“My frustration wasn’t just about tonight. My frustration was (about) some things that built up to it,” he said. “The official decided, like in third grade, to instigate a staring contest and, like in third grade, I took the bait and got my second technical and put our team in a tough spot.”

Fox picked up his initial technical two minutes before the second. Afterwards, he framed his actions as positive, saying “if I have to lead the fight, sign me up.”

Others might say his actions weren’t a sign of leadership. Regardless of how his actions were perceived, he’s got two bigger issues, only one that enhances his future in Berkeley: he’s maintained team unity and focus under the most trying of circumstances, but Fox has not reached the baseline for recruiting in a conference driven by talent as much as exemplary coaching.

Welcomed In, Then Ushered Out: Kraken seize Sharks first trip to Seattle, win 3-2

By Morris Phillips

SEATTLE–In the NHL, physical confrontations win games. They create lingering animosity, spark rivalries and snap losing spells too.

Mark Giordano knows better than anyone. The 38-year old played 949 games in a Flames sweater, followed by a mere 33 games with expansion Seattle, but enough hockey to provide him the savvy to sense an opening by dropping the gloves with 20-year old Adam Raska of the Sharks.

Giordano’s instincts, and fists highlighted his well-rounded evening on the ice as the Kraken rallied to defeat the Sharks 3-2 in San Jose’s first NHL visit to Seattle.

The Sharks failed to leapfrog the Kings and Ducks in tightly-bunched Pacific Division standings while the Kraken won in regulation for the first time in a month ruptured by a pair of COVID interruptions that forced the team into seven game cancelations.

“The consistency in our game wasn’t there early,” Kraken coach Dave Hakstol said. “I give our guys credit for stepping up in the second and third period and finding a way to get it done.”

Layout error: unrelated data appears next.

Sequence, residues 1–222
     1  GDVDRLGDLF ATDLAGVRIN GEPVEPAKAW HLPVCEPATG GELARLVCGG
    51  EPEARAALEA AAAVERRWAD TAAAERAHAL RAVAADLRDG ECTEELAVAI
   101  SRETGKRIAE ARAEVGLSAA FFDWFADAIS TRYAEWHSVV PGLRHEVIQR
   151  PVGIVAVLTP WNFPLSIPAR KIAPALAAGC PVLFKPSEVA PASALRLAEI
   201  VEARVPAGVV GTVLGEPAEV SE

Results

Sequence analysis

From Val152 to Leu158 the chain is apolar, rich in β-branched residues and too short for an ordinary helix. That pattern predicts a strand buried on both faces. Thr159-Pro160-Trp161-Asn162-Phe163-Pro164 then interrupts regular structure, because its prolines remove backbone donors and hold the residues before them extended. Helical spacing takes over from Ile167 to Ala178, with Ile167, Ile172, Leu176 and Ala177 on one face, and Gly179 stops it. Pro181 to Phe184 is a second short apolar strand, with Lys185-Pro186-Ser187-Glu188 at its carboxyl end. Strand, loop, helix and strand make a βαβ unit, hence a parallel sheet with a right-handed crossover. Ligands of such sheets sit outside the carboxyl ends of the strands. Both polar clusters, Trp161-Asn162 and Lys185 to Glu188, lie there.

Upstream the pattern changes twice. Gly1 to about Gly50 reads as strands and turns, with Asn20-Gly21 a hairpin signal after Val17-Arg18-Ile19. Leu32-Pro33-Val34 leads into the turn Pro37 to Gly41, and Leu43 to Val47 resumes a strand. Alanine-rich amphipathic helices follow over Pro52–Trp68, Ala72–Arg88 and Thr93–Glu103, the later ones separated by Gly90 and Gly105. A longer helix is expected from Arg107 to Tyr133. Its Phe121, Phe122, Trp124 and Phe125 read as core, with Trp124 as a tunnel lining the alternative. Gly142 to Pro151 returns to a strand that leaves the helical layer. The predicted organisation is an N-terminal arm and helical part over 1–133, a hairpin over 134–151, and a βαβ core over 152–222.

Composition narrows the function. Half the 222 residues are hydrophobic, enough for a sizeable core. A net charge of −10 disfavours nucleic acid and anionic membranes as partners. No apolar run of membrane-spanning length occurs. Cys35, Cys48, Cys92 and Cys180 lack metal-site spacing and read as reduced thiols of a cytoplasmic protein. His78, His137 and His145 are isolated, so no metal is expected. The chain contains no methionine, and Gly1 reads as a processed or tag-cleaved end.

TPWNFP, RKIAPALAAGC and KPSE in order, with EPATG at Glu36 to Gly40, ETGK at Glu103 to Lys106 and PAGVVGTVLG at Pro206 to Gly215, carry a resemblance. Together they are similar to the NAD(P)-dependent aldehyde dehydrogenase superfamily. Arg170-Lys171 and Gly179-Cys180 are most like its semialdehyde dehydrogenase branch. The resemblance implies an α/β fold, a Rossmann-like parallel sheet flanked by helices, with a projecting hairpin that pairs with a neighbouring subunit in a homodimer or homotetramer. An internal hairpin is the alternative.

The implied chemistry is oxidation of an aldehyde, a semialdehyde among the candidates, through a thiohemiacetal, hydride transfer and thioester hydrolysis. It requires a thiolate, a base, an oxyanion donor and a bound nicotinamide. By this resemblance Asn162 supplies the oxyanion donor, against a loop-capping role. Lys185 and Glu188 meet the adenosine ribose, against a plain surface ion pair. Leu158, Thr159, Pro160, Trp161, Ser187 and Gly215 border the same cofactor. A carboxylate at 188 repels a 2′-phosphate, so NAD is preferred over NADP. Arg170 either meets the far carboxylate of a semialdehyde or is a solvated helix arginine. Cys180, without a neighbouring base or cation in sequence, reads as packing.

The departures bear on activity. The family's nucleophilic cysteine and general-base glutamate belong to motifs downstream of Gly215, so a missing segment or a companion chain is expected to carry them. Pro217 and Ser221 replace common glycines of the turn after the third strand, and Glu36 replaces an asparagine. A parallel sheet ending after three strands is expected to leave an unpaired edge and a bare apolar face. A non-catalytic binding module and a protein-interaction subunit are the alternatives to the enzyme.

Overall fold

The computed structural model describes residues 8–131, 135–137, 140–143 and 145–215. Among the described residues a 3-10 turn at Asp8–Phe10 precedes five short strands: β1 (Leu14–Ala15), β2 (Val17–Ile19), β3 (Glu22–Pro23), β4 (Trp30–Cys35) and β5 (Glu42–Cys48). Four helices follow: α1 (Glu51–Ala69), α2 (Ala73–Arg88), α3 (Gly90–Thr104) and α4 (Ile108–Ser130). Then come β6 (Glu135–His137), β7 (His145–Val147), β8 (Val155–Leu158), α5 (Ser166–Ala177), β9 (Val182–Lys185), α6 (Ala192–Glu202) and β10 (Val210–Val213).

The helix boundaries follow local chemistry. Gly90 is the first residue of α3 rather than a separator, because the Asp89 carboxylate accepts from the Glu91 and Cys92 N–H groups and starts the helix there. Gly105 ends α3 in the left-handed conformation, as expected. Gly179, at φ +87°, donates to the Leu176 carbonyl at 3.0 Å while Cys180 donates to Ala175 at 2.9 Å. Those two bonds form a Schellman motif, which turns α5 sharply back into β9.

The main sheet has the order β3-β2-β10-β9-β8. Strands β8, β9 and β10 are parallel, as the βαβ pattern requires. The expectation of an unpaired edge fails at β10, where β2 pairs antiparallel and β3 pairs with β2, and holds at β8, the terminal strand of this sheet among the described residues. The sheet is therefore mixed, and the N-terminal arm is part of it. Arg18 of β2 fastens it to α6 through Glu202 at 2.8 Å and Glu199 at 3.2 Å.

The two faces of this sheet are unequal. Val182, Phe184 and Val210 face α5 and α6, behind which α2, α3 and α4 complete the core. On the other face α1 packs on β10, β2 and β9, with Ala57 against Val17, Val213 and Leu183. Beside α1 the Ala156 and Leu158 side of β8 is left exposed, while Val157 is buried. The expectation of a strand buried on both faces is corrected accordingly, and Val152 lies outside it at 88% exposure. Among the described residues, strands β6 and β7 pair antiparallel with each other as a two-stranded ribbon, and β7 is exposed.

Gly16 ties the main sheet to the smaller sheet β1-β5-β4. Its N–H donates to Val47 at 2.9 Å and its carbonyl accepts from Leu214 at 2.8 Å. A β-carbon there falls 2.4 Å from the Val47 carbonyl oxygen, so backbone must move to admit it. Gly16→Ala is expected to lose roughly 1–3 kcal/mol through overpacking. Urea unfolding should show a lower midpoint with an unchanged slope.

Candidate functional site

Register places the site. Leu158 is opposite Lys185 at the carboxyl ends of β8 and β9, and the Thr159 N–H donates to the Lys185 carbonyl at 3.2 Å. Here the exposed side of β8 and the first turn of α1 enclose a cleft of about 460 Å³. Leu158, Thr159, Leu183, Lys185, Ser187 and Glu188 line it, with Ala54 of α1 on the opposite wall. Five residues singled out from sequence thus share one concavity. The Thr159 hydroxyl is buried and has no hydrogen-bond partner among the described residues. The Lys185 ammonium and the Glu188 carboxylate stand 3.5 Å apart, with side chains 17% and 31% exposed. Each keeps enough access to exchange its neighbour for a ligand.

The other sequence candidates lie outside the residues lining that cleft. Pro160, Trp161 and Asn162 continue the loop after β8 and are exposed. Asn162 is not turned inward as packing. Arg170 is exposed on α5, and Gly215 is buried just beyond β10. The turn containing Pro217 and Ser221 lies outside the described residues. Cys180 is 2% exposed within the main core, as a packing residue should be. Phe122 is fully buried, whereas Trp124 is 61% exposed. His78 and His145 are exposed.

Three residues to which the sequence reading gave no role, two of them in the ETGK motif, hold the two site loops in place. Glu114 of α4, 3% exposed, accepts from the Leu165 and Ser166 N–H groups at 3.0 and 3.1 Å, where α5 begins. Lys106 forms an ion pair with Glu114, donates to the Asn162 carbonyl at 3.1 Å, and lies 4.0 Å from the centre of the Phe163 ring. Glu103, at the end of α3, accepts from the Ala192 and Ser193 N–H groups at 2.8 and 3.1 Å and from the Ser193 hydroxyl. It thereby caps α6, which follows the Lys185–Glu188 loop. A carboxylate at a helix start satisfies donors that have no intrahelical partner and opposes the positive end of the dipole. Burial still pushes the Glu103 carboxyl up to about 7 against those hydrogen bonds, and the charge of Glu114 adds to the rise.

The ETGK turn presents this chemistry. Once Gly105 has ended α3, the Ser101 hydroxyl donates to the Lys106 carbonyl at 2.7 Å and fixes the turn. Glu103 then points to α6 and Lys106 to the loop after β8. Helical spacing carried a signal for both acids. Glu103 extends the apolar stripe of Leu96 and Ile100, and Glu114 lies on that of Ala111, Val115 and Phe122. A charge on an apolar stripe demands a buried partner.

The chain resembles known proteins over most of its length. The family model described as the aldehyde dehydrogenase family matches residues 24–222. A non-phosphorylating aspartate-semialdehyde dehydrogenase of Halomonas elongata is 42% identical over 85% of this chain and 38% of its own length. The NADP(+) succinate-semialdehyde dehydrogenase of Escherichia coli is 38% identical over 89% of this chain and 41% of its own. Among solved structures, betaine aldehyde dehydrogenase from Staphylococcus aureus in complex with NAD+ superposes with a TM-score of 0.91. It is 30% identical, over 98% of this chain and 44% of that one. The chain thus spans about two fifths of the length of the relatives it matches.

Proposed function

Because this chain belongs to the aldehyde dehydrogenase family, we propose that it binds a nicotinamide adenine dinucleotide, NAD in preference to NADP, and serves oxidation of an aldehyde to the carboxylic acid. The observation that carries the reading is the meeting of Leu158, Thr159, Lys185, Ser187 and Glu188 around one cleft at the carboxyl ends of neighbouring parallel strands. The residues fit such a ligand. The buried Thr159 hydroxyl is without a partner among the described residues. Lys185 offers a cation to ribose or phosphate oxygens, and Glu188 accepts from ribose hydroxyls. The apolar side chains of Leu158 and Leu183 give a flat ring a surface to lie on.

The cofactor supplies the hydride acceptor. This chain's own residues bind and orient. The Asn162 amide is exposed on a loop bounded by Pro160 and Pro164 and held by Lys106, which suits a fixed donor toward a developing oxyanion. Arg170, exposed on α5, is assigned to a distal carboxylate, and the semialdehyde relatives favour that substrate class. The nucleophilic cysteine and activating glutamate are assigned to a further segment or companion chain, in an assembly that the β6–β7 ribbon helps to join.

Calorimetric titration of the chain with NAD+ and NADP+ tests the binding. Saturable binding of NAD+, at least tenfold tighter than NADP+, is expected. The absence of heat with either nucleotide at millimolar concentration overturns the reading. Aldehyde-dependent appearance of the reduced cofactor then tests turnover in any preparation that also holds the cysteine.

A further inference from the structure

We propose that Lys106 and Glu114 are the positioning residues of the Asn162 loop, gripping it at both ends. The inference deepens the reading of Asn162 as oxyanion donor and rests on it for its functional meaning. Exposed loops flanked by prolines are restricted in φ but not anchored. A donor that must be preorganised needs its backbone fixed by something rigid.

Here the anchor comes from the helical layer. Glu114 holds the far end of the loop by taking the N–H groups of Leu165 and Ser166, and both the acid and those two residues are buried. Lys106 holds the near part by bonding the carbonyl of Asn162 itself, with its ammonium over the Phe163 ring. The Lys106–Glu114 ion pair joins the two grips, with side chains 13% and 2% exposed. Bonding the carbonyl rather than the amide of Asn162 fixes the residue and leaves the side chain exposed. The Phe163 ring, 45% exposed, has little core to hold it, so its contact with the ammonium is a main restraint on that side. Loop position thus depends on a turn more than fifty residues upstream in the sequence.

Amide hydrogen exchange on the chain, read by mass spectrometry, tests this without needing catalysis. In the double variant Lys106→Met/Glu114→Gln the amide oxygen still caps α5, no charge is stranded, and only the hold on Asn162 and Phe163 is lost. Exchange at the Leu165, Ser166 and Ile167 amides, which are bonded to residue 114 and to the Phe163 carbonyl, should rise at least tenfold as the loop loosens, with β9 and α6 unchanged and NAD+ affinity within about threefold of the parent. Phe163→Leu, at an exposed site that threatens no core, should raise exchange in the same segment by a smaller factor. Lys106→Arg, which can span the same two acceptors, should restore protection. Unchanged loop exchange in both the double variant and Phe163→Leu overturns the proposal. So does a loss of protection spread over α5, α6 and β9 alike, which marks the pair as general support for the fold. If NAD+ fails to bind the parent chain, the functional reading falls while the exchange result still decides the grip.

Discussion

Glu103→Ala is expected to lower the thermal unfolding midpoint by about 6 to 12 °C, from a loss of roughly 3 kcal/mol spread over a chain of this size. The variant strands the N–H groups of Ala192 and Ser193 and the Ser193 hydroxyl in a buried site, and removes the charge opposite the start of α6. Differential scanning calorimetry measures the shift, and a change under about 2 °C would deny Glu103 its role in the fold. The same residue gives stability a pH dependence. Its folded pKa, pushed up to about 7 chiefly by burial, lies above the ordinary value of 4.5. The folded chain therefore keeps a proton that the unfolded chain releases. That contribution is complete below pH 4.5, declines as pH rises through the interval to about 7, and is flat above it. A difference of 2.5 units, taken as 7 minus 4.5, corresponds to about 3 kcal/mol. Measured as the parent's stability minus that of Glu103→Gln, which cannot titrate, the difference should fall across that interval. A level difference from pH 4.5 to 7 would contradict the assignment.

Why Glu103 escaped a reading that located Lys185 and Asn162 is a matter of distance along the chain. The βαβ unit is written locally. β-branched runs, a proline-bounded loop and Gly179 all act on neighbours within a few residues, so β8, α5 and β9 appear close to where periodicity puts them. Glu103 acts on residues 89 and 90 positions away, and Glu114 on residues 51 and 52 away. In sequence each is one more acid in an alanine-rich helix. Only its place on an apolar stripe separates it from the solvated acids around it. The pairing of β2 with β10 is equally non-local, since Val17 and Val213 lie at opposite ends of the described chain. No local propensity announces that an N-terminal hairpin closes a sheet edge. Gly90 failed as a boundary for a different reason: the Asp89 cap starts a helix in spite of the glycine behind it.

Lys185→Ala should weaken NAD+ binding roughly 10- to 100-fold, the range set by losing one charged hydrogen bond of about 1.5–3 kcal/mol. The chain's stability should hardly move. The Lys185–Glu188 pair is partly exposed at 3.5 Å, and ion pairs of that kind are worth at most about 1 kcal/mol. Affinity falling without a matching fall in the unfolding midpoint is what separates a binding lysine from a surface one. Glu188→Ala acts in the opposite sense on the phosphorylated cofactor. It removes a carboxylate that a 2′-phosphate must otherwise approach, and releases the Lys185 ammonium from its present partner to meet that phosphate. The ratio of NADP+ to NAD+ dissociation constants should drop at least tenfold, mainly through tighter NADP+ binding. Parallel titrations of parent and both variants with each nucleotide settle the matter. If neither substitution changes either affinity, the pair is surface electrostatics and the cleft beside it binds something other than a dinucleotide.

The Sharks needed just 38 seconds to introduce themselves to the Climate Pledge Arena crowd with Tomas Hertl’s goal assisted by Alexander Barabanov. The goal was Hertl’s team-leading 21st, and Barabanov contributed on his first shift after missing three games due to COVID protocols.

The first period was an illustration of the host’s struggles, which saw them drop nine straight before beating the Blackhawks on Monday. Talented and experienced in the realm of league expansion teams, the Kraken have seen their developing chemistry suffer under the weight of the two, inactive periods due to the virus. In the first 24 minutes Thursday, the Kraken gave the puck away five times and afforded the Sharks precious, additional scoring opportunities.

But all that disjointed play ended when Mason Appleton maintained control despite taking a big hit against the wall, then shuttled the puck to an open Carson Soucy, who delivered the Kraken’s first goal from inside the face-off circle.

Soucy’s goal enlivened the crowd, and a subsequent goal that was waved off for offsides upon video review, didn’t see that momentum to dissipate. Again Soucy stepped up, battling his way through traffic for a second goal four minutes after the first, putting the Kraken up, 2-1.

Two penalties against the Sharks followed that for seven seconds gave Seattle a 5 on 3 advantage. Both were killed, but San Jose’s biggest threats, Timo Meier and Hertl missed ice time as the penalty killers worked. The momentum swung to the Kraken and their crowd.

“After the first, we stopped playing,” Hertl said. “They were all over us, they managed the game better and we couldn’t find a way. It’s a tough loss because everybody knows what is coming–the last five games before the break.”